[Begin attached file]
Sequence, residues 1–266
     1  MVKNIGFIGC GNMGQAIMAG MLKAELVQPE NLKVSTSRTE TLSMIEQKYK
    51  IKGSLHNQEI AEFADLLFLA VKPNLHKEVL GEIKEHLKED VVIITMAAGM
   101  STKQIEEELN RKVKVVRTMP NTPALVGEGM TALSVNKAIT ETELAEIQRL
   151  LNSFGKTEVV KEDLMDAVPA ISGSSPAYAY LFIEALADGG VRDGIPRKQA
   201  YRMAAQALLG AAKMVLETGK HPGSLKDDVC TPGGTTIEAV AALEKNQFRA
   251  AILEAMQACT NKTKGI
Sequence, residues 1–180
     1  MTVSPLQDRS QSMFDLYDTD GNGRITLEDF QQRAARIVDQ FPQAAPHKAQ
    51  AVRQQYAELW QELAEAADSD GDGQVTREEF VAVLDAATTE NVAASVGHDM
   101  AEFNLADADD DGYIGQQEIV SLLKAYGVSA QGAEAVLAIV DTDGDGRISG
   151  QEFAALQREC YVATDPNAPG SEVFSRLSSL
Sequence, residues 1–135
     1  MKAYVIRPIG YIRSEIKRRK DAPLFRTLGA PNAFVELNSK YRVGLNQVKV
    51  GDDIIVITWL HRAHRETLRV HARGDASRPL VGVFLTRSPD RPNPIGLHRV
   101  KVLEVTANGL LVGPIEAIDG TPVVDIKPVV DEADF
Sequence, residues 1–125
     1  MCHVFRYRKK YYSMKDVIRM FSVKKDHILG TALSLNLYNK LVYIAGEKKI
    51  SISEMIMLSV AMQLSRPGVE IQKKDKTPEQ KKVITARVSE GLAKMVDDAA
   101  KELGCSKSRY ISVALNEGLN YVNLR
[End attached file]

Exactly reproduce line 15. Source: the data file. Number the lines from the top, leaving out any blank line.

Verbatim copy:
    51  GDDIIVITWL HRAHRETLRV HARGDASRPL VGVFLTRSPD RPNPIGLHRV